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  • Jennifer M Mueller-Phillips
    Investor Reaction to the Prospect of Mandatory Audit Firm...
    research summary posted June 26, 2017 by Jennifer M Mueller-Phillips, tagged 01.06 Impact of PCAOB, 04.07 Audit Firm Rotation 
    Title:
    Investor Reaction to the Prospect of Mandatory Audit Firm Rotation
    Practical Implications:

    The implementation of a mandatory audit firm rotation in the United States would have large implications within the accounting industry. This study provides the PCAOB and other regulators with relevant information regarding the potential policy. The evidence indicates that the majority of investors would have a negative reaction to a mandatory audit firm rotation. It is possible the investors believe the potential benefits of rotation are outweighed by the costs, direct and indirect.

    Citation:

    Reid, Lauren C., and J. V. Carcello. 2017. “Investor Reaction to the Prospect of Mandatory Audit Firm Rotation”. The Accounting Review. 92.1 (2017): 183.

    Keywords:
    mandatory audit firm rotation; event study; PCAOB; investor perception
    Purpose of the Study:

    In recent years the PCAOB has considered implementing a mandatory audit firm rotation in order to better align auditors’ interests with investors’ interests. This study examines investor reactions to a mandatory audit firm rotation in the United States. It is important to understand investor reactions because the implementation of such a policy would be enacted for their benefit. Due to the fact that it is still a potential policy, it is difficult to determine how investors will react if the PCAOB moves forward. Broadly, the authors test the overall stock market reaction. However, the primary focus is on whether certain markets react differently based on a company’s auditor characteristics. The characteristics considered were industry specialization, audit firm tenure, Big 4/non-Big 4, and audit quality.

    Design/Method/ Approach:

    The sample contains 3,688 companies and represents over 75% of the entire market capitalization of U.S. companies. The authors obtained U.S. company returns through CRSP and the prices for the MSCI World Index excluding the U.S. through DataStream. The auditor tenure and fee data were collected through Compustat and Audit Analytics. The authors determined 10 main dates to observe investors’ reactions and how that affected the markets for the following 3 days. 

    Findings:

    Overall, the authors find a significant negative market reaction to events that increased the likelihood of rotation.

    Specifically, the authors find the following:

    • Companies that were audited by Big 4 firms were significantly more likely to have a negative reaction on dates that increased the likelihood of rotation.
    • Similarly, companies that were audited by an industry-expert were significantly more likely to have a negative reaction on dates that increased the likelihood of rotation.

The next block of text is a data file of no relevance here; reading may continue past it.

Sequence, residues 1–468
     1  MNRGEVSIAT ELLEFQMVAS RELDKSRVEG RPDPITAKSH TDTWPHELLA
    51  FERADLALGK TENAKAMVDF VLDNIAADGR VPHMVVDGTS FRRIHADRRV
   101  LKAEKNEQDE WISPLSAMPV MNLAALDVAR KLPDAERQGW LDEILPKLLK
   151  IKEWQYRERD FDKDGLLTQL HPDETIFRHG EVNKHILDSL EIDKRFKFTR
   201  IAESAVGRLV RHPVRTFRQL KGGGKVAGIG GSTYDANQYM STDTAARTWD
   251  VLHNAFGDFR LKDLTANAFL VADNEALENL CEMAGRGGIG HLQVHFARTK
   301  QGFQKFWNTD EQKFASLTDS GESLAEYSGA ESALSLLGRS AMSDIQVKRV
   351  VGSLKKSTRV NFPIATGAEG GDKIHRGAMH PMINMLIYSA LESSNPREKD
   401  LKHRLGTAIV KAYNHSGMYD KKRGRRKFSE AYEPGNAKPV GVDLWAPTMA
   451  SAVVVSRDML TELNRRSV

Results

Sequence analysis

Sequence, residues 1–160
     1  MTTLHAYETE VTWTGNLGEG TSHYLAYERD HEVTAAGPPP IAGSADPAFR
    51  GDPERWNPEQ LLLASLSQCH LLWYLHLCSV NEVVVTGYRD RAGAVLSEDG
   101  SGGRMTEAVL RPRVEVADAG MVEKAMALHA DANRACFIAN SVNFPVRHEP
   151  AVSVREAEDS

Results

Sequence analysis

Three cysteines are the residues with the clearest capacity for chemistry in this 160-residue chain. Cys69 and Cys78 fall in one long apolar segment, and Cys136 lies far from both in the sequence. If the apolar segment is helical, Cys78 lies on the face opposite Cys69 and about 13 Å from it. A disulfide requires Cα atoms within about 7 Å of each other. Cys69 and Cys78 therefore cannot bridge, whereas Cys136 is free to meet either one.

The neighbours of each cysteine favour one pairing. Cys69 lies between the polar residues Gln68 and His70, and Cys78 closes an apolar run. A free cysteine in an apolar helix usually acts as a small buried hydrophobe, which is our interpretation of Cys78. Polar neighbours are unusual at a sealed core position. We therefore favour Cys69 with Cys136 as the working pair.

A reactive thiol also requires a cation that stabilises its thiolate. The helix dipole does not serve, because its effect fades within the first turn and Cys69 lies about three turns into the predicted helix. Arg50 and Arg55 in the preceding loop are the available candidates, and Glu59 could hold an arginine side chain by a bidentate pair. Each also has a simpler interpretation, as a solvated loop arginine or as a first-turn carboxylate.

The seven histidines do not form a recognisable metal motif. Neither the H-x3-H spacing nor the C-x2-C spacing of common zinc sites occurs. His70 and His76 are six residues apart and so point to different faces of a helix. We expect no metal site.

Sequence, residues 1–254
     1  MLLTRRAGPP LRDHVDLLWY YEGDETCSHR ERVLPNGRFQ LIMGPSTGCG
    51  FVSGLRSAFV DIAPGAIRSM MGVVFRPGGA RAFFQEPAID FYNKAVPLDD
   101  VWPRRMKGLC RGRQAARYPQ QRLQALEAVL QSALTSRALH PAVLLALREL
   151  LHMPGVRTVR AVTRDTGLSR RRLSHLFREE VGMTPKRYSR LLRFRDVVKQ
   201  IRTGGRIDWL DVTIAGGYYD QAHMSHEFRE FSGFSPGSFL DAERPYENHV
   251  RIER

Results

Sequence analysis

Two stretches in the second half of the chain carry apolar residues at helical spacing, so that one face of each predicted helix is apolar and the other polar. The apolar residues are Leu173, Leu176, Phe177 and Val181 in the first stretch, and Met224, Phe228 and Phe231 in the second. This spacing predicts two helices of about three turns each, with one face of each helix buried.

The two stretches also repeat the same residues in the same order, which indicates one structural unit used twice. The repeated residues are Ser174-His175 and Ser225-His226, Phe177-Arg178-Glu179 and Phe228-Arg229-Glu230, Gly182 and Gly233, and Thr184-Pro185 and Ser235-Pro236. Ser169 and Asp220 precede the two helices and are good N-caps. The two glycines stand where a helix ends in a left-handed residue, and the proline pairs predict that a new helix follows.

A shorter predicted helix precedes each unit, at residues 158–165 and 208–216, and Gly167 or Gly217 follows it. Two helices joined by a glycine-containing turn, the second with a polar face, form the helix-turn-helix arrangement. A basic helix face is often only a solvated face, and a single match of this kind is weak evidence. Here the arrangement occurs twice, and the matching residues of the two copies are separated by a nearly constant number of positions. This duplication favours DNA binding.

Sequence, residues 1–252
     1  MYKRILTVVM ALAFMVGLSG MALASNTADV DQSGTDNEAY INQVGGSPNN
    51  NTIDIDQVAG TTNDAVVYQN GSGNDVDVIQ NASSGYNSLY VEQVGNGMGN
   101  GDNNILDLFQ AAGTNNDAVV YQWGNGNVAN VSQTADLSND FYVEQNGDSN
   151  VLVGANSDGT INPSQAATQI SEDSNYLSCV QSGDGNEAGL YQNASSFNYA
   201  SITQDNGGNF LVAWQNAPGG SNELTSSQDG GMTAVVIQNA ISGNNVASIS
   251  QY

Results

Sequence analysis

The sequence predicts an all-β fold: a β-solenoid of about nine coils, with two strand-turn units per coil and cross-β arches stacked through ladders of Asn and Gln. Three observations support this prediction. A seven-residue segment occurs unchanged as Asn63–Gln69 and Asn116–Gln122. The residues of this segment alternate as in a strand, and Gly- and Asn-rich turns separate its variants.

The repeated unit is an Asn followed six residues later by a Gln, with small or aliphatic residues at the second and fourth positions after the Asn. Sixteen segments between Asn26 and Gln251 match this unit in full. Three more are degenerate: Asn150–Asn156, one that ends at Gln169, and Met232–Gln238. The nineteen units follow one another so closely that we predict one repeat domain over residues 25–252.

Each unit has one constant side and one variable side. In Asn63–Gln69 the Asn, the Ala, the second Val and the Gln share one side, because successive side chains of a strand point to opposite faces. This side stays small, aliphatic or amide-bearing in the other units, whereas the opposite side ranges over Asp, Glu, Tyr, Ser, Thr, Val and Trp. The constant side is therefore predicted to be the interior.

• Companies with a lower-audit quality experienced a negative market reaction on dates that decreased the likelihood of rotation.
    Category:
    Independence & Ethics, Standard Setting
    Sub-category:
    Audit Firm Rotation, Impact of PCAOB
    Home:

    http://commons.aaahq.org/groups/e5075f0eec/summary

  • Jennifer M Mueller-Phillips
    Spatial Competition in Local Audit Markets and the Fallout...
    research summary posted May 30, 2017 by Jennifer M Mueller-Phillips, tagged 01.0 Standard Setting, 01.06 Impact of PCAOB, 03.0 Auditor Selection and Auditor Changes, 11.0 Audit Quality and Quality Control, 11.11 Impact of Firm and External Inspection Programs 
    Title:
    Spatial Competition in Local Audit Markets and the Fallout on Deloitte from the 2007 PCAOB Censure
    Practical Implications:

    The results from this study demonstrate that product differentiation in the form of market leadership and industry specialization may not provide a firm the power to mitigate the adverse consequences of a PCAOB censure.

    Citation:

    Boone, J. P., I. K. Khurana, and K. K. Raman. 2017. Spatial Competition in Local Audit Markets and the Fallout on Deloitte from the 2007 PCAOB Censure. Auditing, A Journal of Practice and Theory 36 (21): 1-19.

    Keywords:
    PCAOB; Big 4 auditors; local audit markets; spatial competition
    Purpose of the Study:

    The 2007 PCAOB censure on Deloitte regarding a pharmaceutical client in California caused the firm to suffer both audit fee and client losses. The objective of the paper is to determine whether auditor market power in a local area overrides the audit quality issues resulting from a censure. Specifically, authors investigate the effects of the censure on Deloitte’s ability to retain existing clients (or, switching risk) and potential loss of audit fees. The initial assumption is that auditor-client alignment and auditor-closest-competitor distance can help create differentiation among the Big 4 and this would lead to lower audit fee and client losses for a particular metropolitan area. Researchers looked at specific market specialization and geographic areas to analyze the effects on Deloitte. 

    Design/Method/ Approach: